News / USA

Fate of New START Treaty Uncertain After US Elections

From left, Energy Secretary Steven Chu, Secretary of State Hillary Rodham Clinton, and Defense Secretary Robert Gates, testify before the Senate Armed Services Committee hearing on the new START Treaty, on Capitol Hill in Washington, 17 Jun 2010 (file pho
From left, Energy Secretary Steven Chu, Secretary of State Hillary Rodham Clinton, and Defense Secretary Robert Gates, testify before the Senate Armed Services Committee hearing on the new START Treaty, on Capitol Hill in Washington, 17 Jun 2010 (file pho

The New Strategic Arms Reduction Treaty (START) was signed last April by U.S. President Barack Obama and his Russian counterpart, Dmitry Medvedev. It provides for modest reductions in long-range nuclear weapons on both sides, as well as limits on so-called delivery systems - intercontinental ballistic missiles, submarines and bombers. The treaty also updated verification procedures to make sure that neither side cheats on the provisions of the accord.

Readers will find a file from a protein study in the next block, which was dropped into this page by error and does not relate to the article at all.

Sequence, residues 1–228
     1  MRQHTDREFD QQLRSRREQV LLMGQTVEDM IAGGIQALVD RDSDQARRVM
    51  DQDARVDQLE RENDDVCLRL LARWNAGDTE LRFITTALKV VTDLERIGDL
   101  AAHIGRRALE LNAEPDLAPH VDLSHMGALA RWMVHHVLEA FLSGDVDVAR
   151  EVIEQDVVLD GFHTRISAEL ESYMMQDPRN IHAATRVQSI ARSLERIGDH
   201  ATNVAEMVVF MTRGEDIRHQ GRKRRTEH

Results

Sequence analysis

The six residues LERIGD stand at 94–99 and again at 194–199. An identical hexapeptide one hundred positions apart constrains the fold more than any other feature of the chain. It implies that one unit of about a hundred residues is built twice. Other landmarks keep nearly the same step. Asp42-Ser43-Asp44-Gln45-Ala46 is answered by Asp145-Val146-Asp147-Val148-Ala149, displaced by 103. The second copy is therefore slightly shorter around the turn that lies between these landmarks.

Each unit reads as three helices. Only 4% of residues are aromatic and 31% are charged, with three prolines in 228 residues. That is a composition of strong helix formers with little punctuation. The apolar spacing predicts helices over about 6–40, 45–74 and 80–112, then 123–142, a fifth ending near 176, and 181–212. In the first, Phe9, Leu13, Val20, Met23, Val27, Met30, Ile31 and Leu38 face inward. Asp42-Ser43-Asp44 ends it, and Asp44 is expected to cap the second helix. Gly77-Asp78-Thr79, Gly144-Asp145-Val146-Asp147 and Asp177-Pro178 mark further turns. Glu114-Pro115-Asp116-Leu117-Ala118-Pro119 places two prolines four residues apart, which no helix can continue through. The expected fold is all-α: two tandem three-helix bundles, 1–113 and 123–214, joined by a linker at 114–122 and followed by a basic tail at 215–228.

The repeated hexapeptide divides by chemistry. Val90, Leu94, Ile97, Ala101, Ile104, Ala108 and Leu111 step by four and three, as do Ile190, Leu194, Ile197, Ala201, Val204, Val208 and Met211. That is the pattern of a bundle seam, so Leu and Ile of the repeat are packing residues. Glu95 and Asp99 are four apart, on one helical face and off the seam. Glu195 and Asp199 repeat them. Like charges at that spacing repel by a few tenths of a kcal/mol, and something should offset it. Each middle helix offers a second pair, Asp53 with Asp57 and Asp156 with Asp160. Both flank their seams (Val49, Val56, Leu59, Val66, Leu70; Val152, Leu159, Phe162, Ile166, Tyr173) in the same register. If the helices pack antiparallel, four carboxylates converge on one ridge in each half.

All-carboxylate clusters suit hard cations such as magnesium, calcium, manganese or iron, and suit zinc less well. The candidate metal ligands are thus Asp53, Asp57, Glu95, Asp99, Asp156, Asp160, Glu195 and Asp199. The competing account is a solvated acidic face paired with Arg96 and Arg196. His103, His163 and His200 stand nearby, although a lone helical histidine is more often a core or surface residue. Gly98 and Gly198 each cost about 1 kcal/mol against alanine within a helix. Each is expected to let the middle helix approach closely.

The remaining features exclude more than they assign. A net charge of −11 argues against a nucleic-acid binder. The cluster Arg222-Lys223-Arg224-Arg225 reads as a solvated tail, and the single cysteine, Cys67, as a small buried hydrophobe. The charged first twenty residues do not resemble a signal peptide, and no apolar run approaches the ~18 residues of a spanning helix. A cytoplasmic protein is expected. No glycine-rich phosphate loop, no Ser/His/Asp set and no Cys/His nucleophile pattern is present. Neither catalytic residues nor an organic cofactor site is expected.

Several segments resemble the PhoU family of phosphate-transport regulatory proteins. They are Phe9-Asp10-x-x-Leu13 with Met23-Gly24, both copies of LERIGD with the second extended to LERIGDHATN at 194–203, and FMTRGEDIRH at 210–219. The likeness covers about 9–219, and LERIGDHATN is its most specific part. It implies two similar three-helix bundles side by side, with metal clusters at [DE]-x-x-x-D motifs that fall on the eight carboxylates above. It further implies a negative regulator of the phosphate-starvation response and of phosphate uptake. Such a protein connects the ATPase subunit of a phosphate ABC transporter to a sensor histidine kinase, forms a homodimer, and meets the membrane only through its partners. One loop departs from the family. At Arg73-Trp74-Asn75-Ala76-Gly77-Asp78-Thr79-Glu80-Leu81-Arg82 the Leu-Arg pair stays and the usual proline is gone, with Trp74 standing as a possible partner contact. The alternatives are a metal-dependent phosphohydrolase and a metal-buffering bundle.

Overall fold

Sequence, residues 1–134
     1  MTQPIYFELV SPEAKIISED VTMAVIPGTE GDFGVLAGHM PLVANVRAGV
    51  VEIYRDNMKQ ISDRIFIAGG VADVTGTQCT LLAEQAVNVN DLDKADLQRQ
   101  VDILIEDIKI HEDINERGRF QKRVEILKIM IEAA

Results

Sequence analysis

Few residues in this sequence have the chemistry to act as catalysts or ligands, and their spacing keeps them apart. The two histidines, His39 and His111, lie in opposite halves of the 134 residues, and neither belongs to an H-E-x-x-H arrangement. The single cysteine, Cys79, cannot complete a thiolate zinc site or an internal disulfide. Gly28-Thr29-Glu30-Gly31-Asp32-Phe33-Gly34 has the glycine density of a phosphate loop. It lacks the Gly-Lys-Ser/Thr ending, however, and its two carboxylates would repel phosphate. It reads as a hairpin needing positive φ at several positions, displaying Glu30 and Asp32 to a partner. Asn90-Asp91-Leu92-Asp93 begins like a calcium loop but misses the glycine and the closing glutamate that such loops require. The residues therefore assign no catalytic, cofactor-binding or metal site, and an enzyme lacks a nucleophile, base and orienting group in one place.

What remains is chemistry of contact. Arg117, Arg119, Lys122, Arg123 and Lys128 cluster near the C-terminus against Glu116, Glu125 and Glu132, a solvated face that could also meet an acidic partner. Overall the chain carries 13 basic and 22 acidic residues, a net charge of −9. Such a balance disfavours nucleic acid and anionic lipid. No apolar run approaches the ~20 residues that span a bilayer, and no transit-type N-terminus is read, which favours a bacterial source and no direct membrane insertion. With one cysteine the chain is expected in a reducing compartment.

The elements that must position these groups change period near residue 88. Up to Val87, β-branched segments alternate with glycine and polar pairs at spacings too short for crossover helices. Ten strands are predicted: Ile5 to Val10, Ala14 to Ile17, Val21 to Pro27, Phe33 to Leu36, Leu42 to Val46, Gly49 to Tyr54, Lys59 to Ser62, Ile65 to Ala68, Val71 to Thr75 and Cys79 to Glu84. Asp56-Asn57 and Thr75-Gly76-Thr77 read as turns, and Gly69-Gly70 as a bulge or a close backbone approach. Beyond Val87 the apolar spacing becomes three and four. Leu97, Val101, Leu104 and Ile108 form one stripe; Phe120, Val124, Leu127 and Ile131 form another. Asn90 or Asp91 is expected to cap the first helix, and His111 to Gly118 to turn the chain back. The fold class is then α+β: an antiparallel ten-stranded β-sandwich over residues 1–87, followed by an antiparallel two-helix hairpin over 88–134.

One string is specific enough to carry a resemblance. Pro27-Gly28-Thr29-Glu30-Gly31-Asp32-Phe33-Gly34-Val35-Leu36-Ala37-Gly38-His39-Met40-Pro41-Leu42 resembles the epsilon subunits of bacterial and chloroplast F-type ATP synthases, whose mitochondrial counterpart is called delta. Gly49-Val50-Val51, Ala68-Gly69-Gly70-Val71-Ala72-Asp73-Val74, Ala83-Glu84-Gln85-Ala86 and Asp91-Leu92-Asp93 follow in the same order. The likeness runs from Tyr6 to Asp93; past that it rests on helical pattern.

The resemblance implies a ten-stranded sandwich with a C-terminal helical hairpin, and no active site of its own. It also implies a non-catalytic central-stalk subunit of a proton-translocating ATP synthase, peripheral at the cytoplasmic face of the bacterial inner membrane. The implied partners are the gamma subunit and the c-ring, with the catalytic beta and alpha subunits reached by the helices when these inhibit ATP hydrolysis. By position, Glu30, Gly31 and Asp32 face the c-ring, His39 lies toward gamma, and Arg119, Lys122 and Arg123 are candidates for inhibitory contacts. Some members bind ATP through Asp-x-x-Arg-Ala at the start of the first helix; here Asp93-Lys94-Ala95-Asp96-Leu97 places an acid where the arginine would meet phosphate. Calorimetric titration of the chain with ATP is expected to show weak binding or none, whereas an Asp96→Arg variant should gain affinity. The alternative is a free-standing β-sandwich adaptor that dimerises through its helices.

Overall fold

The Obama administration has made U.S. Senate ratification of the New START agreement a key element of its foreign policy. Last September, after numerous hearings, the Senate Foreign Relations Committee approved the pact and sent it to the full Senate, where 67 votes are needed for final approval. Just a few days ago, President Obama urged the Senate to approve the treaty before the end of this year.

This means the administration hopes for ratification during the so-called "lame duck" session of Congress - before the new Congress begins its work in January. The treaty also must be ratified by the Russian parliament.